Lewis however failed to note that OIC did not come into being by sheer force of faith. In fact, OIC’s raison d’être is rooted in an event more political than religious: “the criminal Zionist attempt to burn down the Blessed Al-Aqsa Mosque on 21 August 1969 in the occupied city of Al-Quds” (OIC 2004). This event is part of the history of Arab-Israeli geopolitical conflict that has long prevailed in the Middle East and not part of some Islamic religious revival. OIC was formed in response to the threat posed by the then newly formed nation of Israel. OIC is a recuperative act on the part of the Arab states that saw “the seizure of Arab lands, the plight of the Palestenian refugees from them in the camps where they turned from peasants into landless labourers, and the seeming neglect of their obligations by great powers, and the United Nations’ inability to do anything” (Roberts 1999, 541). To call their organization Islamic rather than Arab was just an attempt to project a greater solidarity than what the Arab states can muster.

Thus, Halliday wryly dismisses the view carried out by Muslims and non-Muslims alike, that “Islam” and the Islamic communities represent one community, one umma. He said that “this has never been true of the Islamic world since the years of the first caliphs and certainly not true of the Muslims of Western Europe” (123). To prove his point, Halliday cites the disparate and pragmatic, if sometimes adversarial stance between and among Islamic states in the case of the Iranian revolution, the Iran-Iraq War and the 1990-91 Gulf War. In these instances, he showed that the Islamic states act not based on creed but on the realpolitik of preserving or advancing their own interests even at the expense of other Islamic states. Thus, if there is no internal coherence among the Islamic states, plus the fact that they are individually weaker than the un-Islamic West, “there cannot be a great ‘Islamic challenge’” (119).

Some scholars however, using an assessment almost similar to that of Halliday’s, argued that it is this organizational disarray, Islam’s perceived “weakness,” that aggravates and prolongs the current crisis triggered by the September 11 attack on America. Viewing Islam as “a faith without denominations, hierarchies, and centralized institutions,” it is argued that this “makes it difficult for Muslims to come together and speak with one voice on important issues—to say what is and what is not true Islam” (Bulliet 2002, 11). This view is prompted by the logic that if there were a single authority that represents Islam, then it would be easier to repudiate and discredit the discourse and actions by those considered its radical fringe. This view however is more of a wish, which even if fulfilled, will still raise questions as to its effectiveness.

The Protestant Churches and the Catholic Church were not of much help in the case of the Catholic Irish Republican Army (IRA) battling the Irish Protestants and the British rulers, all three resorting to terrorism to wage their war. A current study on the subject even condemns both the Protestant and Catholic churches for allowing “the terrorists to fill a vacuum of despair, hatred, and suspicion” (Dillon 1998). This only goes to show that the presence of a religious hierarchy to enunciate and enforce its creed does not guarantee that it will be listened to, or that it will even try to speak against repulsive deeds committed by its flock. To rely on sermons to subdue terrorism that capitalizes on social, economic, political, and cultural disparity and its attendant injustice is to believe on moral ascendancy that has no concrete and enforceable policy to stand on.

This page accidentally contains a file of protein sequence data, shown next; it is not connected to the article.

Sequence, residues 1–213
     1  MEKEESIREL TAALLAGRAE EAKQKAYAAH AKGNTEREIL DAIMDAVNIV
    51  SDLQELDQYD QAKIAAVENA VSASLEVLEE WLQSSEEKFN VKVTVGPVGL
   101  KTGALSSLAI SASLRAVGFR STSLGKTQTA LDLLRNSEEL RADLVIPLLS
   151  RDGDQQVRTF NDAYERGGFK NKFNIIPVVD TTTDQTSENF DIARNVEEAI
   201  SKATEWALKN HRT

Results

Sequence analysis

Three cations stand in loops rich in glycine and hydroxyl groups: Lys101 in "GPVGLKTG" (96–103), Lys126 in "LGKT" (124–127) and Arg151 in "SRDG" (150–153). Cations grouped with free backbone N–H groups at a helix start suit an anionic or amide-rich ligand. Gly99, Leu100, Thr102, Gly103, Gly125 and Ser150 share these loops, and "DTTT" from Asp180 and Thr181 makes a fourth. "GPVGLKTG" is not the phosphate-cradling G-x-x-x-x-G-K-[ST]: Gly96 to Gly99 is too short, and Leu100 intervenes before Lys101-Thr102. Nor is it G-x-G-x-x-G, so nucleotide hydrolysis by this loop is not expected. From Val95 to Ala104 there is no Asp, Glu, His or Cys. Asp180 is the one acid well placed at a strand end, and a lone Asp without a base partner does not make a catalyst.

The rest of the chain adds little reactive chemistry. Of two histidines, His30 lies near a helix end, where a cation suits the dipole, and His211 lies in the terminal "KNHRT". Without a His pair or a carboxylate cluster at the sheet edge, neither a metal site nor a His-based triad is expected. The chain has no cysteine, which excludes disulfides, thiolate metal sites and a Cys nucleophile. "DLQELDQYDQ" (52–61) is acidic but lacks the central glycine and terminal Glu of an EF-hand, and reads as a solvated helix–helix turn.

Nonetheless, there is a danger in accepting the view that Islam suffers from certain “weaknesses” as a religion, that it is in crisis, and that since individual Islamic states are weaker than Western or Northern powers, hence a “great Islamic challenge” is not in the offing. To accept these views is to realize that these discourses have successfully pathologized Muslim societies and polities, in particular those in the Middle East, that the stage for an outside intervention is set. A careful perusal of their respective books will show that though they have used different analytical optics in viewing and interpreting the events and the dialectics of change in the Islamic world, the implications of their arguments are unexpectedly the same: the West must change the Middle East. They only differ in means they proposed to employ.

At first, both authors did an exercise in surgery. Instead of condemning the whole Islamic body politic for being in an advance stage of decomposition, they have singled out with surgically precise strokes particular parts that need to be excised to save the whole. Islam is then spared of the humiliating attribute that it nourishes militant Islamist terror.

Halliday and Lewis state that the September 11 terrorist attack on the US were carried out by members of an Islamist movement, a brand of radical Islam “that sought to resolve political and social issues by reference to Islam. The Islamist movement was directed against secular forces within Muslim society as well as against external powers”(x). Halliday went on to characterize what he initially perceived to be a singular Islamist movement: